How we make small things get loud: Creating Shorts with Lyor Cohen
Shorts have become an integral part of music discovery on YouTube and are generating 50 billion daily views as of December 2022.
Today, we are redefining what reach means for artists on YouTube. In a newsletter shared with the global music industry earlier this morning, our Global Head of Music Lyor Cohen shared that in January 2023, fan-created Shorts increased the average artist's audience of unique viewers by more than 80%. This means fans on Shorts are NEARLY DOUBLING an artist’s total reach, so they can spend more time doing what they do best, which is making great music. These updates and more can be read in Lyor’s full newsletter here.
It’s become a tradition for Lyor to create a fun, theme-based Short as part of his newsletter and today’s defintely marked this moment in time for what Shorts have done for music and artists on YouTube so far.
To learn more about the creative process in making these Shorts, the amount of time it takes and how Lyor’s Shorts always look so professionally shot (Spoiler Alert: They are shot on a smartphone!), I decided to chat with YouTube’s Creative Studio Director, Christian Haas, who has been working hand in hand with Lyor to create some of his most epic Shorts from ‘80 million subscribers on YouTube Music & Premium,’ to ‘Running Up That Hill,’ and the ‘#TSAntiHeroChallenge,’ to name a few.
Ahead of our discussion, I was prepared for big production numbers and huge shoot windows to get them done, but in fact, it was the opposite. It turns out that big or small, the magic of Shorts is that they are easy to make, all it takes is a fun idea…
The following is an interview with Christian Haas, Director of YouTube Creative Studio.
What is the creative process like when working with an executive leader like Lyor Cohen?
We need to make sure there’s a healthy supply of Cuban cigars and that all brown M&Ms are promptly removed from his green room. Kidding. Lyor is totally fine with brown M&Ms.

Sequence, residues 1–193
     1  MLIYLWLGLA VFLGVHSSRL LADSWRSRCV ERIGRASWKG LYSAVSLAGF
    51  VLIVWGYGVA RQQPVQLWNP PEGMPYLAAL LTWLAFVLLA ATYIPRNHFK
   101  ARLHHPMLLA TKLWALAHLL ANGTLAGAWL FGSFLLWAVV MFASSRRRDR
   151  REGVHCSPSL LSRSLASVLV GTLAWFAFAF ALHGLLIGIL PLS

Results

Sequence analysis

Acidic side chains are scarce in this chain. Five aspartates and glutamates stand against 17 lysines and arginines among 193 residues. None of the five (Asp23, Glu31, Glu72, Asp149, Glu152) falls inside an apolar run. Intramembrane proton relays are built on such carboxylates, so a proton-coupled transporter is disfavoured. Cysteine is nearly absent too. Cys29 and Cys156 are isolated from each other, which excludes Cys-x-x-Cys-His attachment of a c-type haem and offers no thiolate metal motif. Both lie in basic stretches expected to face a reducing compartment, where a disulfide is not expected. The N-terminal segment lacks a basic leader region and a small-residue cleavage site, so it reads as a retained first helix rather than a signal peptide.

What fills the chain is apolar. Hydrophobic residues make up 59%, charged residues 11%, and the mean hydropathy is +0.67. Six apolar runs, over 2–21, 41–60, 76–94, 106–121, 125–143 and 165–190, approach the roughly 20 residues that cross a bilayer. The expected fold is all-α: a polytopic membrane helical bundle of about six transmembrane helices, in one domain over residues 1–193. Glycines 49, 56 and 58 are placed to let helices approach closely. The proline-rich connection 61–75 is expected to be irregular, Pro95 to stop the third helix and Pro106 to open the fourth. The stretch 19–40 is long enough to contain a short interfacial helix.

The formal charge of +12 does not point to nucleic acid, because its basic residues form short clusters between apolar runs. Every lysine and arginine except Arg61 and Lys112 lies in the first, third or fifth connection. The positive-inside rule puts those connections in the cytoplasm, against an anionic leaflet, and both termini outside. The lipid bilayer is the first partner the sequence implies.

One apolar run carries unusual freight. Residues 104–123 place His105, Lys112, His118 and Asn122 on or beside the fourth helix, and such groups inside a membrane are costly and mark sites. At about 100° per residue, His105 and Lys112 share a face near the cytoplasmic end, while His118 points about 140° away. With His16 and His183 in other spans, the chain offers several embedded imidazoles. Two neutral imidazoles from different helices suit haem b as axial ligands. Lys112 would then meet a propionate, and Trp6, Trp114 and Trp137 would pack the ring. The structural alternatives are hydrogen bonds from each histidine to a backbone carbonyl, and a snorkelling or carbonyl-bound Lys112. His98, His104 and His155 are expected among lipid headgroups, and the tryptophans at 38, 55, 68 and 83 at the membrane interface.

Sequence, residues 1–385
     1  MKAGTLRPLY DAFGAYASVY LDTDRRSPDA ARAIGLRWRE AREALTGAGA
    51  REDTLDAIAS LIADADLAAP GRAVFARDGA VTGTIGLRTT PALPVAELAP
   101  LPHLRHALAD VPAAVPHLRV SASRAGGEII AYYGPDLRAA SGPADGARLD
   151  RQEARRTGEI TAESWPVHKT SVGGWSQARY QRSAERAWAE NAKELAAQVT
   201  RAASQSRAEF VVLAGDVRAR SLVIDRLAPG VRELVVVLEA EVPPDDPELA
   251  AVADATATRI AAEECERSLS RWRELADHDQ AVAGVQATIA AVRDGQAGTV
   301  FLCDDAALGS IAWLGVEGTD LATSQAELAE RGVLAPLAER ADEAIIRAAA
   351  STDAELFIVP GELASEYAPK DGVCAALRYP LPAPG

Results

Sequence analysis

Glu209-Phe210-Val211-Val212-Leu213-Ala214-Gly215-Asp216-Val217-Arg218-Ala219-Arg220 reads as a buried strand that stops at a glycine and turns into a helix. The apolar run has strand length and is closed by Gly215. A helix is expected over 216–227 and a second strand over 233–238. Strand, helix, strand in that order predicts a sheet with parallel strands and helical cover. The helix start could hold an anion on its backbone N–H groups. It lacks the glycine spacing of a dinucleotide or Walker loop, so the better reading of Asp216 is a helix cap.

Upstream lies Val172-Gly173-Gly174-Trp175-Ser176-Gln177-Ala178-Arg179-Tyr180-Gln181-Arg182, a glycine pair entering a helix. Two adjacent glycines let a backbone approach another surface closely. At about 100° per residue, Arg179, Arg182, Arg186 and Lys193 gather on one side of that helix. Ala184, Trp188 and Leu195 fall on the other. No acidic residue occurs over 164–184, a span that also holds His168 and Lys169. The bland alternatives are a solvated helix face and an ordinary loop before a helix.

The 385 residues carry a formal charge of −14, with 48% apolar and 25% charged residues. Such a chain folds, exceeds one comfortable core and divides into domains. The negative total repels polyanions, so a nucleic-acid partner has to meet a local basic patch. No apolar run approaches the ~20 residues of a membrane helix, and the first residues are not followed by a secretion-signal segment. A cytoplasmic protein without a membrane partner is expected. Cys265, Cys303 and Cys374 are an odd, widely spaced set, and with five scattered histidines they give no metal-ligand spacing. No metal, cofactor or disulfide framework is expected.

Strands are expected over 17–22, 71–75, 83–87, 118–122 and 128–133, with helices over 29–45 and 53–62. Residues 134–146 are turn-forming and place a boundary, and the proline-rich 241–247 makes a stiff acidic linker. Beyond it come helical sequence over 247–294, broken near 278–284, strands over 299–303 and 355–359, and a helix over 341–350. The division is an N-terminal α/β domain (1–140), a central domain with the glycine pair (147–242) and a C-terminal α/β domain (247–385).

Our team leads creative work across all YouTube marketing around the world but we have a special place in our hearts (and schedules) reserved for Lyor’s videos.
We always start with the Newsletter outline, that’s our brief. Creatively, we try to distill the message down to something ridiculously simple that we think will be fun for people to watch. You can think of the Short as an amuse-bouche for the newsletter, it whets your appetite and leaves you hungry to dive in for more.
The best part about working with Lyor is that he’s always up for anything. We love brainstorming with him and seeing him embrace the ideas wholeheartedly in front of the camera.
Creatively, we try to distill the message down to something ridiculously simple that we think will be fun for people to watch. You can think of the Short as an amuse-bouche for the newsletter, it whets your appetite and leaves you hungry for more.” Christian Haas Director of YouTube Creative Studio
Because Lyor is always on the move, we keep the setups simple so we can shoot wherever he is at — be it hitting a snare drum in his London office, guitar-shredding at Google New York or smoking a cigar on a treadmill in his home gym (that was his Taylor Swift Anti-hero challenge Short).
For the latest Short, we had this idea of using forced perspective to show how small things can be deceiving. We found a pair of miniature amplifiers on Etsy so all we needed was a full-size Lyor.
I imagine that filming with an executive who has a busy schedule might add pressure in terms of timing and all of the gear you need to make it look top notch. Is that an accurate assumption?
His schedule forces us to be pretty nimble—which is a good thing. We shoot all Lyor’s Shorts with a smartphone, no fancy production equipment or setup. That’s the beauty of Shorts, if you have an idea and a smartphone, you are basically a YouTuber.
Lyor seems like he is game to film most things, he’s so funny in his Shorts! Do you have a favorite memory of making Shorts with Lyor over the last year?
During the “Running up that hill" shoot in London, a creative from our EMEA team was running backwards with the camera in front of Lyor and almost bumped into a dog by accident. We still have the take with a lovely lady yelling at Lyor in the background. I’m happy to say no dogs were harmed in the making of that Short.
Are there rules of thumb to keep in mind when creating Shorts versus longer form videos?
Find something that pulls people in quickly (Lyor in an 80s tracksuit will do); make it entertaining (have him running up a hill in aforementioned tracksuit); and, more importantly, don’t take yourself too seriously (have him do so while singing Kate Bush’s “Running up that hill”).
Thinking about the everyday creators and hobbyists, are there any tips you can share on how to make Shorts that are compelling?
Make it fun. If you’re not having fun making it, people are probably not going to find it fun to watch either. I like to think of Shorts as YouTube in Fun Size. Best to keep them short and sweet.